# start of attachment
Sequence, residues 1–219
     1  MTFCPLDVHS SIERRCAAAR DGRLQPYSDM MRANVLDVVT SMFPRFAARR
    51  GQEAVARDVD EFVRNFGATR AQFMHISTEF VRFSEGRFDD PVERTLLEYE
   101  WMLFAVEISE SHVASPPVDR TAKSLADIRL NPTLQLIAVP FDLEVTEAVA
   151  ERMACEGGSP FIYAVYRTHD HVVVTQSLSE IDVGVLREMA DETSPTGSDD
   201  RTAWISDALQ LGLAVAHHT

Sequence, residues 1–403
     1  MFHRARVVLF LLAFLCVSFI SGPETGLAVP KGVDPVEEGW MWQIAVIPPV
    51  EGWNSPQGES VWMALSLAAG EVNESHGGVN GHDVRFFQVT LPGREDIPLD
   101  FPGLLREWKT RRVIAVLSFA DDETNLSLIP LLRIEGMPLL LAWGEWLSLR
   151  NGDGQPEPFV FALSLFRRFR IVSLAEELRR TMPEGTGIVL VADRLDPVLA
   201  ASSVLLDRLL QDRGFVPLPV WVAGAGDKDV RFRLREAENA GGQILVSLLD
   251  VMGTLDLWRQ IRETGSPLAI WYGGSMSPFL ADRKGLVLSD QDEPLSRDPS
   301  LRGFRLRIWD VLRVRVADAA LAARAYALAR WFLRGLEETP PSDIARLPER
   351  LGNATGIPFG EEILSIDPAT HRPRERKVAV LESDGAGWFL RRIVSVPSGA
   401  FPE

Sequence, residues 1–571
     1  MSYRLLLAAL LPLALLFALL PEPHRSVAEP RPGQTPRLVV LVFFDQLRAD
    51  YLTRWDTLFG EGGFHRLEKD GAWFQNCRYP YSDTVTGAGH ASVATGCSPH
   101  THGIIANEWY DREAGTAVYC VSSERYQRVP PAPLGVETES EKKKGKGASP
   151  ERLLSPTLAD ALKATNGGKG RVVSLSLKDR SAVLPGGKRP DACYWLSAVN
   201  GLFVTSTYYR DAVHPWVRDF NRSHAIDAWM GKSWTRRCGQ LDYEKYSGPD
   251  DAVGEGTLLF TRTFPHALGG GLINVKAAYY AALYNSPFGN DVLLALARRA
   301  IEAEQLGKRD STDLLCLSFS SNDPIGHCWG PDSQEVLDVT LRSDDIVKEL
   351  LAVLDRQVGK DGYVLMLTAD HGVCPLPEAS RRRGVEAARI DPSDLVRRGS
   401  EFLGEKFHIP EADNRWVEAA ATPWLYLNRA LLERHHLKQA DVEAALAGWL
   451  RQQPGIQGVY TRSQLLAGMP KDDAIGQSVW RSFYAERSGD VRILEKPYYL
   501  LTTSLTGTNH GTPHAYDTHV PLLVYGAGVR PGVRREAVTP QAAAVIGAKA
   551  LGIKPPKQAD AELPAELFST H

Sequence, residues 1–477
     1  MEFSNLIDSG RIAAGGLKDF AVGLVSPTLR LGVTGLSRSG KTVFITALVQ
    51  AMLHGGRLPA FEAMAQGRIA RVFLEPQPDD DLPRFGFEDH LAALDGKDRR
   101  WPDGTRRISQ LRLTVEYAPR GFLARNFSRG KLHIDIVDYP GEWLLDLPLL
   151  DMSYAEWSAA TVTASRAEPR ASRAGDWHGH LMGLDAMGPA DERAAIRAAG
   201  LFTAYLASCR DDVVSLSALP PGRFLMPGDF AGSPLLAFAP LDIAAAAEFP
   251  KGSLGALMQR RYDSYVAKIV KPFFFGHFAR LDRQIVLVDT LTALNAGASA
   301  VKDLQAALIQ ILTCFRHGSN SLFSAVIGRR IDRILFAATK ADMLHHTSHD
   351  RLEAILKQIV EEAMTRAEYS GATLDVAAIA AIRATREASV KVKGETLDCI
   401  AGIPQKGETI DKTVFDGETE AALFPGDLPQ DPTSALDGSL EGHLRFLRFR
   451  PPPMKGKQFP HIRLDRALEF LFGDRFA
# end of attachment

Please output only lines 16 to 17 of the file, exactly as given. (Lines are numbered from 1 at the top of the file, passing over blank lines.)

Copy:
   401  FPE

Sequence, residues 1–571